Scholar shrugs off research mistake linking conservatives with psychoticism, calls it ‘minor error’
That’s essentially the response Virginia Commonwealth University researchers Brad Verhulst gave to the Washington Free Beacon when it asked him about the recent revelation that his research linking conservatives with psychoticism was wrong — and in fact it’s liberals, not conservatives, that express more psychoticism:
“The correction to the original manuscript was quite minor, and consisted of an error in the descriptives,” Verhulst said. “None of the primary conclusions were affected by the error.”
Verhulst said the paper was not about conservatives being more authoritarian, but about the relationship between personality traits and political beliefs.
“The reason that the correction is quite minor is because we were looking at whether personality traits caused people to develop political attitudes,” he said. “We found that personality traits and political attitudes were correlated, but that there was no evidence that there was a causal relationship.”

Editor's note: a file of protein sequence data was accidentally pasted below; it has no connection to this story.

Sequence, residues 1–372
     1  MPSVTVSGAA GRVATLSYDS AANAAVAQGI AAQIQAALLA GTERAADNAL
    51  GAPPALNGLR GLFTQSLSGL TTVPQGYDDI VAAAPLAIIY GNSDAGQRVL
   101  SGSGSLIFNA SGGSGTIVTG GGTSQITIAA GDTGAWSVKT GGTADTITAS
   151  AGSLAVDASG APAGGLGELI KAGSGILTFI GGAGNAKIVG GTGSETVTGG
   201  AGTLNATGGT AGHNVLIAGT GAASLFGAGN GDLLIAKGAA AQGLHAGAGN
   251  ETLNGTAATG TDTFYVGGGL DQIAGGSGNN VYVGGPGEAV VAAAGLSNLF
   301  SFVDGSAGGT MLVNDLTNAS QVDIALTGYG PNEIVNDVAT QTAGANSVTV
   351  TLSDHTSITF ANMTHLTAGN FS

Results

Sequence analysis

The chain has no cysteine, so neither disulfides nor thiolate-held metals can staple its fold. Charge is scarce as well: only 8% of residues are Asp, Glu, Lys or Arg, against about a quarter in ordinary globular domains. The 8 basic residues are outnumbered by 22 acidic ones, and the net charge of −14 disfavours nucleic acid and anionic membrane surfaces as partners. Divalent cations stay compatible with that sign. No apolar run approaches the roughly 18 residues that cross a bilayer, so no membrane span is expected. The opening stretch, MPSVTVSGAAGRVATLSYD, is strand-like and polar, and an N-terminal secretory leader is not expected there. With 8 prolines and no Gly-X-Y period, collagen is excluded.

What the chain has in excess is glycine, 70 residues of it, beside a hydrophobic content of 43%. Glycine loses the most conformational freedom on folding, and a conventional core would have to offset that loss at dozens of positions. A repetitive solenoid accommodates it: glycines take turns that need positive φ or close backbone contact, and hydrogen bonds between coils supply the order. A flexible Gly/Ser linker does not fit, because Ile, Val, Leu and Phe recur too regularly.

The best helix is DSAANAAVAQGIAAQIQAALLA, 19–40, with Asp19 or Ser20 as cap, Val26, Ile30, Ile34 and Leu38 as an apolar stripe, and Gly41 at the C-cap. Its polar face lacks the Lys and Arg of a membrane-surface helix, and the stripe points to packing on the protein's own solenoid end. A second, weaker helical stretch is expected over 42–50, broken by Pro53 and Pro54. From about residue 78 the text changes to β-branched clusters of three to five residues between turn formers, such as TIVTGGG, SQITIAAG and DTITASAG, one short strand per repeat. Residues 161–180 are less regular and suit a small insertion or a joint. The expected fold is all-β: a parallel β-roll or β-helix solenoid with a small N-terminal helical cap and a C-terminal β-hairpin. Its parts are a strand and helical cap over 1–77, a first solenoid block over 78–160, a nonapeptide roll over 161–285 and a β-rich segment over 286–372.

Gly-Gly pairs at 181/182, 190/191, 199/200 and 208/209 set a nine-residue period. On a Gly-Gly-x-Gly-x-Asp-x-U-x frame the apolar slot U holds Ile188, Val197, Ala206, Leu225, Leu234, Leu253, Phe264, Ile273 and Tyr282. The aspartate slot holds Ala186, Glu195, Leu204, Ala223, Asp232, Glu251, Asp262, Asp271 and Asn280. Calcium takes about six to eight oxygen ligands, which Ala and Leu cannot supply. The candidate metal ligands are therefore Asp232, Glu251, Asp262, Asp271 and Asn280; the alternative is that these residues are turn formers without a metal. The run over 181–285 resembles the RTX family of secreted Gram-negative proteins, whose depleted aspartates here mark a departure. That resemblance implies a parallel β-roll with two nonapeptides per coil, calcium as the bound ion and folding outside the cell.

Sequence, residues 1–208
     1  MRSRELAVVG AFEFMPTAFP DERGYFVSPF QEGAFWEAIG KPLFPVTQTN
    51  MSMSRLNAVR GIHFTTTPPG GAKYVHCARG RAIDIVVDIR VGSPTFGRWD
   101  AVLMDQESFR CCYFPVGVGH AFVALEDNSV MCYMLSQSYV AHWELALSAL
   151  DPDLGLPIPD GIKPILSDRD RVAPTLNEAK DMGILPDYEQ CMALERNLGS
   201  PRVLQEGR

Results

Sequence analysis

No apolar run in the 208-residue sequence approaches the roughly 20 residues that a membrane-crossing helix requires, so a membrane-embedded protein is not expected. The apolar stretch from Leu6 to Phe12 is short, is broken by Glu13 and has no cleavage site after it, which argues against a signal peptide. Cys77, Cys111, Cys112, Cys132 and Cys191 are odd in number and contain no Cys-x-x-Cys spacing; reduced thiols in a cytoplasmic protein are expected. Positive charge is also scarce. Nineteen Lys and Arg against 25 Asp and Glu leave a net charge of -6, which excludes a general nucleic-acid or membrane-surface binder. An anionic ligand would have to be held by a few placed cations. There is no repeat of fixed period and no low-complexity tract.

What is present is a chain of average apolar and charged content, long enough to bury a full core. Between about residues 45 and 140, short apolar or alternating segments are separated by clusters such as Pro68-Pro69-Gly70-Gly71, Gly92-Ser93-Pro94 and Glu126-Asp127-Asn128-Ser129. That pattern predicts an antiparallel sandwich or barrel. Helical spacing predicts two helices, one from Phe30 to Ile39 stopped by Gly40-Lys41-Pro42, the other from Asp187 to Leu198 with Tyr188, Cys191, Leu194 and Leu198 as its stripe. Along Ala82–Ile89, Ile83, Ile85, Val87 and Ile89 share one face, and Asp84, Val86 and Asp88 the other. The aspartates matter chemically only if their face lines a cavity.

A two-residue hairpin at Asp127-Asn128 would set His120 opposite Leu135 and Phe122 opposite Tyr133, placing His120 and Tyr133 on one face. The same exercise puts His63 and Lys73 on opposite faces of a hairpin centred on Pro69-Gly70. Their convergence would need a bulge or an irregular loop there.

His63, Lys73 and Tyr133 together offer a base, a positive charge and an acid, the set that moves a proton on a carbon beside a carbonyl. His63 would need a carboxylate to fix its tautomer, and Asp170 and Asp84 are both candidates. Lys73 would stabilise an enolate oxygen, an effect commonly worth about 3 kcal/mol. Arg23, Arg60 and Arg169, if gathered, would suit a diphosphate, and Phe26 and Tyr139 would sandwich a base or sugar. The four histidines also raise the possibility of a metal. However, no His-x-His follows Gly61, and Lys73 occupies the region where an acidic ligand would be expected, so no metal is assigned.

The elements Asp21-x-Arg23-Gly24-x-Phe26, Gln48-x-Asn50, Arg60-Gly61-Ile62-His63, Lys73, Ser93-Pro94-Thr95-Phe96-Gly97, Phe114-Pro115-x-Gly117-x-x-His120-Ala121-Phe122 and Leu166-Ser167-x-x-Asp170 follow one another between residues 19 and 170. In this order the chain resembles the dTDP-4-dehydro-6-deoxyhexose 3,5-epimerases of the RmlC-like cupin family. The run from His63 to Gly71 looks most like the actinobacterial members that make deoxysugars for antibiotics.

“Accordingly, this is a minor error because the fact that the correlation is ‘exactly reversed’ does not change the fact that personality traits do not cause political attitudes,” Verhulst added. “Thus, while the descriptive statistics were incorrect, the conclusions based on the analyses do not change.”
The correction was first reported by Power Line Blog’s Professor Steven Hayward, who noted:
If you continue with the explanation in the correction it would seem to suggest that someone simply transposed the data somewhere along the line during the coding steps. Or maybe the authors were hoping for a job with Dan Rather or Katie Couric if tenure didn’t come through? They are defending themselves by saying that the main point of the paper was to demonstrate the magnitude of correlations between personality traits and sociopolitical attitudes, and hence that the ideological direction of the correlation doesn’t matter.
The research had been published in 2012 by the American Journal of Political Science.
The New York Post reports that the original report had been cited 45 times, according to Thomson Reuters Web of Science.